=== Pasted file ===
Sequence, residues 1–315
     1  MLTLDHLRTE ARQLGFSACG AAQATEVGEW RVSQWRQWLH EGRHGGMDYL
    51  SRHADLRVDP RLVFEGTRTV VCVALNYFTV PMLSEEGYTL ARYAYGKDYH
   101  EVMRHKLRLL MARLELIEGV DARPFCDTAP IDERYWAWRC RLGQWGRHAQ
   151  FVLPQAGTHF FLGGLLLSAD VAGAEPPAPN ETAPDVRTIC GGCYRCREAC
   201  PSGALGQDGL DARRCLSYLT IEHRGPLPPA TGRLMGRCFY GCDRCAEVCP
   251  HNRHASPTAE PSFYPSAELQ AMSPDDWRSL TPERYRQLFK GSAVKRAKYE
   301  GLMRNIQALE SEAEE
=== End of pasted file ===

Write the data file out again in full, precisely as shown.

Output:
Sequence, residues 1–315
     1  MLTLDHLRTE ARQLGFSACG AAQATEVGEW RVSQWRQWLH EGRHGGMDYL
    51  SRHADLRVDP RLVFEGTRTV VCVALNYFTV PMLSEEGYTL ARYAYGKDYH
   101  EVMRHKLRLL MARLELIEGV DARPFCDTAP IDERYWAWRC RLGQWGRHAQ
   151  FVLPQAGTHF FLGGLLLSAD VAGAEPPAPN ETAPDVRTIC GGCYRCREAC
   201  PSGALGQDGL DARRCLSYLT IEHRGPLPPA TGRLMGRCFY GCDRCAEVCP
   251  HNRHASPTAE PSFYPSAELQ AMSPDDWRSL TPERYRQLFK GSAVKRAKYE
   301  GLMRNIQALE SEAEE